Welcome to the second installment of Author Up Close, the series that explores several authors’ paths to publishing. If you missed the first in the series, a Q&A with author Fiona Zedde, you can read it here.
There are probably as many articles about the perils of self-publishing as there are about the “fall” of traditional publishing. Most of these articles lack nuance and are more concerned with promoting a perceived “right” way to publish while disparaging the “wrong” way. In reality, choosing a publishing path is a very personal decision, and what’s right for one might not be right for others.
Today’s featured author, Linda Seed, obviously made the right choice for herself and her career when she decided to self-publish. Linda is a contemporary romance writer, a Writer Unboxed Conference alum, and a friend. We’re in a few online communities together, and over the years I’ve watched her career grow from an author who, in her words, “made enough to buy a coffee” to one who now makes a living from her books.
In a sea of self-published authors, Linda stands out because of her excellent writing, commitment to quality, and strong work ethic. And as you’ll see from our Q&A, those things probably had a hand in getting Barnes & Noble’s attention at just the right time in her career.
GW: What do you write and how many books have you published?
LS: I write small-town contemporary romance, with all of my books set on California’s Central Coast. I’ve published nine books so far.
GW: You’re doing what a lot of other authors wish they could be doing right now: making a full-time income from your writing. When you started writing, had this been your goal? If not, when and what changed that?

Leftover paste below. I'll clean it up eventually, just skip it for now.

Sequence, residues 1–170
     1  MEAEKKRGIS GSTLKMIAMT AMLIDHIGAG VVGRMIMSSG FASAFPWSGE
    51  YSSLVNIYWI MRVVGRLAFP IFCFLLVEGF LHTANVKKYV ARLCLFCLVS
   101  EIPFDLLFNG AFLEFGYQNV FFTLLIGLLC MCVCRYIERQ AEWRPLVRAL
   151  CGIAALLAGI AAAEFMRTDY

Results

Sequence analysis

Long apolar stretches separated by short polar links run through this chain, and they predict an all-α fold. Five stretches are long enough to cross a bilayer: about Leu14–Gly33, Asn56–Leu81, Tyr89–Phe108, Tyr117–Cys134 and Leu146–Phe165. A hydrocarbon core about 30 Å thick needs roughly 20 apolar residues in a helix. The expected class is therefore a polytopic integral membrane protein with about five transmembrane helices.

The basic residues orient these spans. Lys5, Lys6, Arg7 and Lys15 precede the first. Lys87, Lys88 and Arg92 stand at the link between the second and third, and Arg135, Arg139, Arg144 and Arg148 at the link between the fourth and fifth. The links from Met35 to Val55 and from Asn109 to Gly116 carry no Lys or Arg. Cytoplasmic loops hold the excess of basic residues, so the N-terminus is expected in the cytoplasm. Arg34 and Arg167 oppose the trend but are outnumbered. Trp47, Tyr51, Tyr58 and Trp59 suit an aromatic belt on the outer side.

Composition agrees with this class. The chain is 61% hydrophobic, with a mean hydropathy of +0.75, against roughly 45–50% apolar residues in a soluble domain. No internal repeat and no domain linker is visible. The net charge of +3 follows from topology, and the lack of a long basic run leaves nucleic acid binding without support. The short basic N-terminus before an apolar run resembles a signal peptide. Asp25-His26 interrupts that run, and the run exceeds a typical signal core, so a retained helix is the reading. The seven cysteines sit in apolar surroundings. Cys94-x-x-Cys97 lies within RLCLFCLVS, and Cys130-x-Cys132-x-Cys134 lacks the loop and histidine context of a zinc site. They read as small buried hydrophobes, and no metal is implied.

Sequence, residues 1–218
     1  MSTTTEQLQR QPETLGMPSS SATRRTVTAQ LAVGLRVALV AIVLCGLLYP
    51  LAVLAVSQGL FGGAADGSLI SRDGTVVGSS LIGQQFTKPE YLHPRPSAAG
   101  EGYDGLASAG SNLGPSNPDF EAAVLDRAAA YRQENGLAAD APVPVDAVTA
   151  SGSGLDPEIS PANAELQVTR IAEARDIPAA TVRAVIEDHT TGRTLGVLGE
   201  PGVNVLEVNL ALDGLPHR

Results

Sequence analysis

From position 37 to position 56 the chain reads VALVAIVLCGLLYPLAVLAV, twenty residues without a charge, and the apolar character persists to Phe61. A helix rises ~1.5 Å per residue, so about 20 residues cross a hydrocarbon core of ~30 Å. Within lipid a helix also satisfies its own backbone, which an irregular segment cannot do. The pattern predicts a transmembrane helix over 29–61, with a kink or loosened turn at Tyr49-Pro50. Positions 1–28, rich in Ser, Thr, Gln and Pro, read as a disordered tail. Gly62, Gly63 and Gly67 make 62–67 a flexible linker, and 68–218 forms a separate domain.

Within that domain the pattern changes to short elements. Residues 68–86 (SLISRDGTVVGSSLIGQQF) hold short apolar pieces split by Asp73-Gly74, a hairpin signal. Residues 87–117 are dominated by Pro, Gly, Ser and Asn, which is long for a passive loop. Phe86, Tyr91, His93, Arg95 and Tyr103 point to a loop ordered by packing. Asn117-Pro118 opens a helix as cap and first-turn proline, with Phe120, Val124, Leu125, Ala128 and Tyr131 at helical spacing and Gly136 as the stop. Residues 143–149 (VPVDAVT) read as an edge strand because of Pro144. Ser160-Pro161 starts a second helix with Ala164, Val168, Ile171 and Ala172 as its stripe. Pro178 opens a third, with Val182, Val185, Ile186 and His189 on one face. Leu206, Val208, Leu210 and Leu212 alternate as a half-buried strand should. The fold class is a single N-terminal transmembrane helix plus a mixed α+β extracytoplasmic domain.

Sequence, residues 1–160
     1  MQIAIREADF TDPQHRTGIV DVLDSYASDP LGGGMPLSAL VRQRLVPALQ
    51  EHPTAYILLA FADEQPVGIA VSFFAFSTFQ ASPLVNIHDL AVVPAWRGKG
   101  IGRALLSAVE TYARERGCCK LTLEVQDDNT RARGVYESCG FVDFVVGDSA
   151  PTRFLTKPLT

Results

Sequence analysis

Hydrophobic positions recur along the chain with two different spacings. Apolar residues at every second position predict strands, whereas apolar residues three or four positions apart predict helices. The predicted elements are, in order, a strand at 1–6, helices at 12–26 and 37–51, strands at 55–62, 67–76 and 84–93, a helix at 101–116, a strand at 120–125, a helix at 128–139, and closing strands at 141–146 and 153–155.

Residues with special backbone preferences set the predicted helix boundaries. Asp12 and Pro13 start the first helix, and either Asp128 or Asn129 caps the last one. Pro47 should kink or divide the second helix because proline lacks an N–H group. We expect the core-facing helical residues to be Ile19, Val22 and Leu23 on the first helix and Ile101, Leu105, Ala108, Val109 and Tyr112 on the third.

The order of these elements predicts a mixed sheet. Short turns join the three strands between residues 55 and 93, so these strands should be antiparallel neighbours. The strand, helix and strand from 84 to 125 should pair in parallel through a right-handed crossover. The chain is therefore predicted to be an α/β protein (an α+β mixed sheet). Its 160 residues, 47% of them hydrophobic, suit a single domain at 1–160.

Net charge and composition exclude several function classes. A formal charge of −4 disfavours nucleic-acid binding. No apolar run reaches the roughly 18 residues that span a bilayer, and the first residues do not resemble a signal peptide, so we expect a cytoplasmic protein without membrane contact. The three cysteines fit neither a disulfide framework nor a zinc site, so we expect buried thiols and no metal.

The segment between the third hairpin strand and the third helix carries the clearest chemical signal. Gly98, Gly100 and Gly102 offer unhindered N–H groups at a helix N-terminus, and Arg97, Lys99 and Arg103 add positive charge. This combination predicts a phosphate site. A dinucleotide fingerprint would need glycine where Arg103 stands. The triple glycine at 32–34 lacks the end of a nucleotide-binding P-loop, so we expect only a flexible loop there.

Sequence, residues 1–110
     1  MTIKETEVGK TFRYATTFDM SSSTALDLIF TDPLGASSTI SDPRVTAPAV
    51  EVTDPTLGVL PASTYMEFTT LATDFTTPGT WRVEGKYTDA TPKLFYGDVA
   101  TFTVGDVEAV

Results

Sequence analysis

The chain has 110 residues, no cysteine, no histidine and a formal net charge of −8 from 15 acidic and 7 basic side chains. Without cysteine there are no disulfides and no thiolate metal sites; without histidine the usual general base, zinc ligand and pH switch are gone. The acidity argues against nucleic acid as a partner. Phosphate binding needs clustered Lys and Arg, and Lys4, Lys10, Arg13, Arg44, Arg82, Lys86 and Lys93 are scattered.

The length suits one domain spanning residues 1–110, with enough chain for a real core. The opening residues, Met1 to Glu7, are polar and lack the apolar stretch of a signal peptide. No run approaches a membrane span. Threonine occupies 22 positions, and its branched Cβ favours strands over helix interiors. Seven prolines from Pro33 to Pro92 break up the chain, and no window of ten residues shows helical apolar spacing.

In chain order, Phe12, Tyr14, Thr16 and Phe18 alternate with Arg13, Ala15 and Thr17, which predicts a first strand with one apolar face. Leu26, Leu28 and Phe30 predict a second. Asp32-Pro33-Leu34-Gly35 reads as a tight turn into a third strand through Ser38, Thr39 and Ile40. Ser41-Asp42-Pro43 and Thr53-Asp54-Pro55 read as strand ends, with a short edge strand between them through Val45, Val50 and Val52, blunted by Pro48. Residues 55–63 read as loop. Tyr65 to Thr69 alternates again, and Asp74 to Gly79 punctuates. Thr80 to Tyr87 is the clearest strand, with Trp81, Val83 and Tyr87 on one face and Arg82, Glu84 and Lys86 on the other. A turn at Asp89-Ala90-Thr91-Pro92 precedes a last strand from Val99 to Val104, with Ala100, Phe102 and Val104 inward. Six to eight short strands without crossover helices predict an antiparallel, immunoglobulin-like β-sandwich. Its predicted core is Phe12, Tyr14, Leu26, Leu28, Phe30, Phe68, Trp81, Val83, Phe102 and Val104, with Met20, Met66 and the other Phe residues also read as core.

LS: Honestly, when I started, I didn’t expect to make any money at all. It was more of a bucket list thing—I wanted to have a published book out there. For me, the day I uploaded my first book onto Amazon, my goal was met. Anything else was just a bonus.
Things changed eleven months later, in September 2016. I had two more books out by then, and I had just made my first book free. I went onto Facebook one morning to find a bunch of notifications from friends congratulating me. I learned that Barnes & Noble had featured my first book as their Free Fridays pick. My book was all over their social media, on their website—it was crazy. That drove the sales of my other books, and overnight I was making ten times more money than I had been. That was when I thought, okay, I might be able to make this into a viable business. I still have no idea why they chose my book, but that was really a turning point for me. [Read more…]